"Never before did I realize that mental illness could have the aspect of power, power. Think of it: perhaps the more insane a man is, the more powerful he could become." - Harding
More than any of the four books, this one approaches the issue of power head-on. Is the definition of "sanity" a function of power, with the largest group of people deciding how people can and cannot live? Cuckoo's Nest argues that this is often the case, as does this famous short poem "Much Madness is Divinest Sense" by American writer Emily Dickinson, whom we'll study this year. See if you can make a connection between the book and the poem. (Note: I added the quotes around 'Madness' and 'Sense' to make her sarcasm in the first two lines clear. Also, "assent" and "demur" mean "agree" and "disagree.")
Much 'Madness' is divinest Sense to a discerning Eye
Much 'Sense,' the starkest Madness - ’Tis the Majority
In this, as all, prevail - Assent - and you are sane
Demur - you’re straightway dangerous - And handled with a Chain -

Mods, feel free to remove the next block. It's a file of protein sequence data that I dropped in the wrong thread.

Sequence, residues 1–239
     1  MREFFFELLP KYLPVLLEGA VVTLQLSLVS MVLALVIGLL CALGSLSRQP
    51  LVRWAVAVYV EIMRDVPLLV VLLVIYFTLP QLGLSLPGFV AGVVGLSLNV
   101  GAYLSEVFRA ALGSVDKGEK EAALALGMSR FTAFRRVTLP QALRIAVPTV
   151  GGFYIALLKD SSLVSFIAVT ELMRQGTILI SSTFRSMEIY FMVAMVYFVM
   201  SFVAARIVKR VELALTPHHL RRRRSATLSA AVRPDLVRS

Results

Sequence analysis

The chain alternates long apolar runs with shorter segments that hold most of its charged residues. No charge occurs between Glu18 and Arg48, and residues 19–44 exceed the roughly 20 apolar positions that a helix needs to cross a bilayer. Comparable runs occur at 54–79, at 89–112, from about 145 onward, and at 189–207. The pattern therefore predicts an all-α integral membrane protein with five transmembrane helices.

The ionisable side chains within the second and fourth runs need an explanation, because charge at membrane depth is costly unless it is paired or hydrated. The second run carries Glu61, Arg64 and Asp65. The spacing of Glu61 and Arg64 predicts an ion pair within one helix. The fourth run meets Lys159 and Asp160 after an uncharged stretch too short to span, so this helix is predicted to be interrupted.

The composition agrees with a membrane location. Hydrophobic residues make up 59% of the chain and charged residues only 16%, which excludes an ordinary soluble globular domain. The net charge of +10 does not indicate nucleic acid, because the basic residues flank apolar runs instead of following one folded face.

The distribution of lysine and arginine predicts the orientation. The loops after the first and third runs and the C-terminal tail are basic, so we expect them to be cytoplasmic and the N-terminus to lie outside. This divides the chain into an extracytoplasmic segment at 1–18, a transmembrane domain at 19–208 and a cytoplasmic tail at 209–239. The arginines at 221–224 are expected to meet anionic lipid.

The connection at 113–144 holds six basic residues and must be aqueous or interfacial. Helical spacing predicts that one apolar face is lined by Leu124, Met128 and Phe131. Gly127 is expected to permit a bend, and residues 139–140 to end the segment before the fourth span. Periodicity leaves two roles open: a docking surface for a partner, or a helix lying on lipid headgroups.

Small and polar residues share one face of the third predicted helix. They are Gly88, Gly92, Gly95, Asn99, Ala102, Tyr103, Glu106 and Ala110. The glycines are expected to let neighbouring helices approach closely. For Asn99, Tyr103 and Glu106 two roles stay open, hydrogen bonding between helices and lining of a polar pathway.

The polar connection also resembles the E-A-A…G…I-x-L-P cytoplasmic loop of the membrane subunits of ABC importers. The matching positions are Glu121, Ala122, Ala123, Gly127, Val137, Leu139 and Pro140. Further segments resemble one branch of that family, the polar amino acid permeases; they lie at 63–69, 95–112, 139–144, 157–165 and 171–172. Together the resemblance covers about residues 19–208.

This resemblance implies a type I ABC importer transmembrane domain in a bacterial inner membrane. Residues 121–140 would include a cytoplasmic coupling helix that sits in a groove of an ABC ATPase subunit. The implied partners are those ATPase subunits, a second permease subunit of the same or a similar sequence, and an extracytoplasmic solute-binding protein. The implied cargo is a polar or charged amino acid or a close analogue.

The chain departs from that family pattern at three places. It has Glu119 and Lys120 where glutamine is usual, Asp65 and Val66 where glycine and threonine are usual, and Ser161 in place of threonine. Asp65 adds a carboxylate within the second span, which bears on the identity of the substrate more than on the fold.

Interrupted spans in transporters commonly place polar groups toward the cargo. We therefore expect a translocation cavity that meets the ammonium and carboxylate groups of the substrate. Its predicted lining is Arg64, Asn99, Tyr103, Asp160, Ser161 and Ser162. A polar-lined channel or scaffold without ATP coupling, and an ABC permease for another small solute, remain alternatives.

Harriet Ann Jacobs wrote Incidents in the Life of a Slave Girl (under the pseudonym Linda Brent) to raise awareness about the experience of black women under slavery. Calling attention especially to the sexual abuse they faced, she hoped to shock average Americans into acknowledging the immortality and cruelty of the system. Even though it often reads like a novel, with the Flint slaveowners coming across as almost cartoonishly evil, it depicts the awful reality of life under total domination.
It's easy to congratulate ourselves for moving beyond slavery, but in what new forms do the racism, sexism, overpowering and violence we see in this story persist today? What is the value of reading a book like Incidents in the modern era? And how does it intersect with and inform our reading of the other novels in our summer reading assignment?
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"We've had a string of embezzlers, frauds, liars and lunatics making a string of catastrophic decisions. This is plain fact.
But who elected them? It was you! You who appointed these people! You who gave them the power to make your decisions for you! While I'll admit that anyone can make a mistake once, to go on making the same lethal errors century after century seems to me nothing short of deliberate.
You have encouraged these malicious incompetents, who have made your working life a shambles. You have accepted without question their senseless orders. You have allowed them to fill your workspace with dangerous and unproven machines.
And all you had to say was NO."
Mr. Justin Biggs